Simpler COVID-19 strategies proposed for upcoming winter in Aspen, Pitkin County |

Simpler COVID-19 strategies proposed for upcoming winter in Aspen, Pitkin County

Board of Health considering event safety plans, return of Traveler Responsibility

While Aspen’s upcoming winter season will contain echoes of last winter’s COVID-19 mitigation strategies, vaccines and booster shots will likely allow for a simpler set of guidelines this time around, officials said Thursday.

The two main thresholds proposed to trigger either capacity restrictions or a total shutdown would be reached when Aspen Valley Hospital suspends elective surgeries and, if that doesn’t stem the tide, when the hospital has to resort to “crisis standards of care,” said Jordana Sabella, Pitkin County public health director, and Dave Ressler, the hospital’s CEO.

“The triggers are really about managing the hospital capacity,” Sabella told members of the Pitkin County Board of Health during their regular monthly meeting Thursday. “The measures are tied to the very important goal that the hospital has the capacity to care for COVID patients” as well as those who need regular medical care.

Other winter mitigation strategies will include Pitkin County’s indoor mask mandate, which probably isn’t going anywhere, while public health officials are suggesting that mandatory safety plans for every event with more than 50 people be brought back this winter and that visitors would again be made aware of Pitkin County’s COVID-19-related restrictions through a Traveler Responsibility Code, Sabella said.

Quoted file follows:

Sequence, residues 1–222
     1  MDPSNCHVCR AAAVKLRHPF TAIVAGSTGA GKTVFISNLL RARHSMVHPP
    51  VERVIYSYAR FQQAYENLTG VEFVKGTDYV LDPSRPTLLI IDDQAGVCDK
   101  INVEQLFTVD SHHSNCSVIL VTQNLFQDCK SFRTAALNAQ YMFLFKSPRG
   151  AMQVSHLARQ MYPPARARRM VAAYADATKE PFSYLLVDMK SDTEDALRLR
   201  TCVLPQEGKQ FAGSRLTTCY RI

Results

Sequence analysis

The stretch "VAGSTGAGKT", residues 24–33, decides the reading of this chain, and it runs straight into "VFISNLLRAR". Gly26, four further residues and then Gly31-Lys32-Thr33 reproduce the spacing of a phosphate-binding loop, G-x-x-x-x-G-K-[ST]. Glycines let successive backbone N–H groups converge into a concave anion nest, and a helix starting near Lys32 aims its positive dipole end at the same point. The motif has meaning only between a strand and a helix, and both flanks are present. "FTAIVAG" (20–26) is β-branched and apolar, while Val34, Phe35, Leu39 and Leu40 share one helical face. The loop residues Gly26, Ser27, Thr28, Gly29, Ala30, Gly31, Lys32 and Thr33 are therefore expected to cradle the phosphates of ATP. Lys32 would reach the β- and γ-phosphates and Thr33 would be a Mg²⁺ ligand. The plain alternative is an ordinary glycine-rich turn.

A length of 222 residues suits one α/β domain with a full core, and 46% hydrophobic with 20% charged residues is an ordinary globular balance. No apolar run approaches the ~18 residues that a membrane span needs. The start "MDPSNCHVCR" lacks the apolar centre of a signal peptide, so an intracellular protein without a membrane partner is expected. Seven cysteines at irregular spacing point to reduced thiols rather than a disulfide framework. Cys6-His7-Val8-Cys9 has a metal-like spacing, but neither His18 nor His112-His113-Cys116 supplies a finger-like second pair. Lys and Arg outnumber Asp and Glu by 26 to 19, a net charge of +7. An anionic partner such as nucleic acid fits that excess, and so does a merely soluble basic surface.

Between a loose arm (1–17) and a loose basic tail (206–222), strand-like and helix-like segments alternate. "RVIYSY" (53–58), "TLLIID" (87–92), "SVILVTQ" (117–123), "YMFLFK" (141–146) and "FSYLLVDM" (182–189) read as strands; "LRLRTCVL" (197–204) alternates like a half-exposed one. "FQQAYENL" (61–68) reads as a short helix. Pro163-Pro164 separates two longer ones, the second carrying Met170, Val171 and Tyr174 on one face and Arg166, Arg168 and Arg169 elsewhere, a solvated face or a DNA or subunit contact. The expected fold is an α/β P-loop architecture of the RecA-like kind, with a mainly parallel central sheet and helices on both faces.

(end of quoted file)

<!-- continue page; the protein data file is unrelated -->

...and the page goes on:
The guidelines were brought forward Thursday after numerous conversations with different members of the community, including the hospitality industry, the Aspen Skiing Co., the Roaring Fork Transportation Authority and the Aspen Chamber Resort Association, she said.

“We all have the same goal for a successful winter where we keep transmission down, protect the hospital and remain open,” Sabella said.

The public will be allowed to comment on the proposed restrictions online at Pitkin County’s COVID-19 website at until Oct. 31. The public comment will be provided to members of the board of health, who will make the final decision on the winter mitigation measures at their November meeting.

If Aspen Valley Hospital gets to the point where it must suspend elective surgeries so staff can take care of COVID-19 patients, the proposed mitigation says indoor capacity restrictions in Aspen and Pitkin County would fall to 50%, or require 100% of customers to be vaccinated. Events would be restricted as well, though specifics were not provided Thursday. Schools would not be included in those indoor capacity restrictions.

Aspen Mayor Torre, a member of the board of health, said Thursday he did not believe that the suspension of elective surgeries was a good enough measurement for the hospital being in trouble and that such a level could be reached simply because of a lack of staffing.

Ressler, however, said that such a milestone would not be taken lightly because the hospital makes most of its money from elective surgeries. The step to suspend them was akin to “literally choking off the oxygen to the organization,” he said.